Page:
From: Mike Poulton
Subject: Re: Any ideas on measuring radiation in the home ?
Date: 27 Sep 2002 16:26:12 GMT
Organization: MTP Technologies
References: <%_wk9.52964$1C2.email@example.com> <3D9442F1.42F2FBAF@webaccess.net> <3D9467AC.9745AC66@webaccess.net> <8a%k9.56338$1C2.firstname.lastname@example.org>
On 27 Sep 2002, "News2020" said:
> < Thanks for the inputs so far and the circuit diagram, etc; I am
> trying to ignore the attacks and negativity.>
> I am not really 'worried' about this spark. The question was more
> general. There is potential for a LOT of 'mischief' in this area of
> expertise. And you will never have evidence to show. The damage will
> be imperceptible. Such as tones that match with brain frequencies and
> drive you nuts, reading brainwaves by thermal imaging, using imaging
> feedback to pump in controlling brainwaves, small cancers in blood
> vessels, muscles, skin, brain, blood cells, etc, a little burnt skin
> layers, some damage to the eyesight, cataracts over a long period,
> unnoticeable loss of hearing, clots under the skin that eventually get
> infected and turn into cancers, etc..., use of power lines and home
> sheet metal fixtures and appliances to inject 'really high-energy'
> microwaves, etc.
Whoa... Just when you think the discussion is getting normal again...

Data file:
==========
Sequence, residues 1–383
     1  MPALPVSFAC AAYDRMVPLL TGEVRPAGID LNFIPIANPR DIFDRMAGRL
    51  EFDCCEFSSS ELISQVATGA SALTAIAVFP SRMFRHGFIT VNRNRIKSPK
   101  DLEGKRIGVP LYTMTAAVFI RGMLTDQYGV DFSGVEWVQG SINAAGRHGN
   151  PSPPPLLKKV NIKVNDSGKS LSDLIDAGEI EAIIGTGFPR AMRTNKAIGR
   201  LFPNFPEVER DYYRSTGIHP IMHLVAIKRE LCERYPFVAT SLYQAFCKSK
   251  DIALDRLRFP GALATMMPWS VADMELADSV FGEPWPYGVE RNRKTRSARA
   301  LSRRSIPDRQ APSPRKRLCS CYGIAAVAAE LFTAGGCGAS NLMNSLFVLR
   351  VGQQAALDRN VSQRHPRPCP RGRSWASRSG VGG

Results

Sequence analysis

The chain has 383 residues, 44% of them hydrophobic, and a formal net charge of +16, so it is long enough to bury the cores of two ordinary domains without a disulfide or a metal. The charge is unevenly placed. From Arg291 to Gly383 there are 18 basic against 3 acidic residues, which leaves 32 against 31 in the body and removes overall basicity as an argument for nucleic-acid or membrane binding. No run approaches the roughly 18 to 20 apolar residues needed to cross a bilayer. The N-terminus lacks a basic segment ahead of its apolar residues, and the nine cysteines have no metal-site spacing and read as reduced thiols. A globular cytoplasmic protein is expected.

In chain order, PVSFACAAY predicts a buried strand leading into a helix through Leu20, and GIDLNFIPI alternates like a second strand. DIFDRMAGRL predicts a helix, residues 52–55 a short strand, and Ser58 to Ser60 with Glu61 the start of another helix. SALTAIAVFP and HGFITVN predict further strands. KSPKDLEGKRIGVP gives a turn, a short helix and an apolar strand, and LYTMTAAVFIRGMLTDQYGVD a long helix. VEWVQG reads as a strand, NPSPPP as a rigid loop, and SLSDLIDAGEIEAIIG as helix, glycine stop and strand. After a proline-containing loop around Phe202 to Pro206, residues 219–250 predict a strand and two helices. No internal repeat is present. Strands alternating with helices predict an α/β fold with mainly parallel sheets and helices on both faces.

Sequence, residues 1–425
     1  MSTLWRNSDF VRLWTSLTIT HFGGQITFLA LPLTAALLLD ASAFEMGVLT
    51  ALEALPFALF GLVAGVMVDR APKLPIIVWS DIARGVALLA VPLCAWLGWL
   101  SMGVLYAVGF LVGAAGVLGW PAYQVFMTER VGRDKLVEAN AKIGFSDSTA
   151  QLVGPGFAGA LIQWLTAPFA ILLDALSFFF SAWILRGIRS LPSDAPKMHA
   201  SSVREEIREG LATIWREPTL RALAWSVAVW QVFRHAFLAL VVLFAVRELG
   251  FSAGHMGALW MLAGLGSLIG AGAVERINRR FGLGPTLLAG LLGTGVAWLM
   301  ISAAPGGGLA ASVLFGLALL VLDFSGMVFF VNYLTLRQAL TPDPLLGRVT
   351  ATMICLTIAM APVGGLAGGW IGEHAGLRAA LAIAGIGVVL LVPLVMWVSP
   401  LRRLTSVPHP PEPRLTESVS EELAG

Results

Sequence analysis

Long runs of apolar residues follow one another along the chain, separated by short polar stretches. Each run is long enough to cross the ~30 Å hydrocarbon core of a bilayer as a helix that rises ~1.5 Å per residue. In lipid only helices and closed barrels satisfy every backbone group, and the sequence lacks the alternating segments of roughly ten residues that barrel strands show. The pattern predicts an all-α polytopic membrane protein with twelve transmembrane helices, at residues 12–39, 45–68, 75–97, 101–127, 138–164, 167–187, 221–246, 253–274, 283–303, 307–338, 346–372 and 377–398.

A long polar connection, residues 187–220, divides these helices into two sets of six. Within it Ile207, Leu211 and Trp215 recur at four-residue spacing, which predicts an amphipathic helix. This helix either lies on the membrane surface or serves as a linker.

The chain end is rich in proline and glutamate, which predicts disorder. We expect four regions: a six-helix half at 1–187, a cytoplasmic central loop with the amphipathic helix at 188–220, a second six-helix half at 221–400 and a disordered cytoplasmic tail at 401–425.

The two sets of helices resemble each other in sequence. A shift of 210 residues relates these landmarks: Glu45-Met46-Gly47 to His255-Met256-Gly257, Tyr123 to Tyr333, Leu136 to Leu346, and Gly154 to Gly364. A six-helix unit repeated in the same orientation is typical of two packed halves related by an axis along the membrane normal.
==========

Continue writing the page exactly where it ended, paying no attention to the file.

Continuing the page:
> And I am not talking product design issues such as
> the shoe measuring device or monitors that one poster has mentioned.
> I am talking deliberate, planned, secret people who could do such
> things. No one would know. No evidence unless you get the right
> measuring devices.
You mean measuring devices like an old AM radio, a cellphone, a cordless
phone, a VCR extender, wireless security camera, wireless LAN card, or
even just a fluorescent lightbulb? Yeah, without one of those things,
we'd never detect strong RF fields. Without cameras and film, we'd never
catch the X-rays, either.
> The only question is, is it within the limits of
> the technology today.
> If the answer is yes, the devil is not very far.
The answer is not yes, but the devil is still close. His name is John
Ashcroft, and he is the Attorney General. He's evil, but AFAIK he prefers
publicity, spin, and political manipulation instead of impossible techno-
fantasy mind control devices. That's a different issue, though.
> This kind of stuff has been around for quite some time.
The conspiracy theory, or the technology? Surely you mean the former.
> It is only a
> matter of further refinement and miniaturization and deployment,
> target/victim selection, etc.
I think it's more a matter of insanity and boredom, myself.
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